• chiropractic neck manipulation of newborns and infants has no benefits and has caused deaths
  • chronic Lyme disease is not a recognized condition in modern medicine, but that doesn’t keep some ‘Lyme literate’ practitioners from recommending and charging patients for all sorts of unnecessary and sometimes harmful “treatments”
  • faith healing is still allowing children to die of very treatable conditions, from diabetes and appendicitis to common infections and premature babies
  • Gerson protocol – often discussed with other forms of cancer quackery this “radical nutritional program combined with purges (particularly coffee enemas)” is believed by some to cure cancer – it doesn’t
  • HIV denialism – yes, this is a thing, and tragically took the life of Christine Maggiore, her daughter, and many others who eventually died of AIDS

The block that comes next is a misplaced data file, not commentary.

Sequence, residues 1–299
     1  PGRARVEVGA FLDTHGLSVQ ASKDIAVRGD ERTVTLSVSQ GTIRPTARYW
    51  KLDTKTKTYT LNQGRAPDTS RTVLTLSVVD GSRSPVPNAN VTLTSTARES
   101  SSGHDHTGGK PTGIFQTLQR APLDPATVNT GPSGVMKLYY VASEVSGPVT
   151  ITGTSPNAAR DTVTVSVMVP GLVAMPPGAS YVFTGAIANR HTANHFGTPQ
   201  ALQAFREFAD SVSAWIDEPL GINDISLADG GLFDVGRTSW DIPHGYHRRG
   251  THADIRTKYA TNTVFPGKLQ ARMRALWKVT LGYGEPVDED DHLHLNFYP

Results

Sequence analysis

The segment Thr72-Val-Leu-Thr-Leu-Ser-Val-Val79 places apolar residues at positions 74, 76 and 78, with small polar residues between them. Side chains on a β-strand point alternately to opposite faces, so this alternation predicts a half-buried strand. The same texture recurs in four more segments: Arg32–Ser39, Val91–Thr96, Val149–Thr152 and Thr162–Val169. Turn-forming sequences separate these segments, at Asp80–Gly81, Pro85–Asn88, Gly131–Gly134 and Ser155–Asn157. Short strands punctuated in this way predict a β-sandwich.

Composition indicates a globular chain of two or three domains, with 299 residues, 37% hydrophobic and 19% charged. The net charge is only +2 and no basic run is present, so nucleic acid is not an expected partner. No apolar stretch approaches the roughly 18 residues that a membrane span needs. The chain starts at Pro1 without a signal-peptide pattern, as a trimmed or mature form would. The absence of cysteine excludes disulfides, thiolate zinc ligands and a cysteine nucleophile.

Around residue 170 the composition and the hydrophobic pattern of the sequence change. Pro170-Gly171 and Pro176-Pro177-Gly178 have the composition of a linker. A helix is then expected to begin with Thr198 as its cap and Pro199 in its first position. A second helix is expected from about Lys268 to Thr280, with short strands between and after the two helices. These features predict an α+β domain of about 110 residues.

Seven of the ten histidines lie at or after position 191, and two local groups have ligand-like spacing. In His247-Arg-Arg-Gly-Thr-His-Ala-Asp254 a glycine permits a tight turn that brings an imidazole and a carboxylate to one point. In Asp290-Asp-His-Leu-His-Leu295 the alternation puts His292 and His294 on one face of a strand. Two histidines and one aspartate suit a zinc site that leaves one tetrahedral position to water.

• homemade baby formula – notorious for leaving out important nutrients, from iron vitamin D to enough calories for a growing baby
  • Hoxsey treatment – a natural treatment for cancer that has been around since the 1950s and has never been shown to work, except in people who never actually had cancer
  • laetrile for cancer – in the late-1970s, kids with treatable forms of cancer had parents who were convinced that this latest fad cure was better. It wasn’t.
  • naturopathy – although mostly looked at as a holistic alternative to other providers, some of these treatments include vitamin injections, hydrogen peroxide injections, and alternative cancer therapies
  • shark cartilage – this was the fad cancer cure in the 1990s that was killing kids who’s parents sought alternative cancer treatments. It didn’t work.

What’s the harm with these treatments?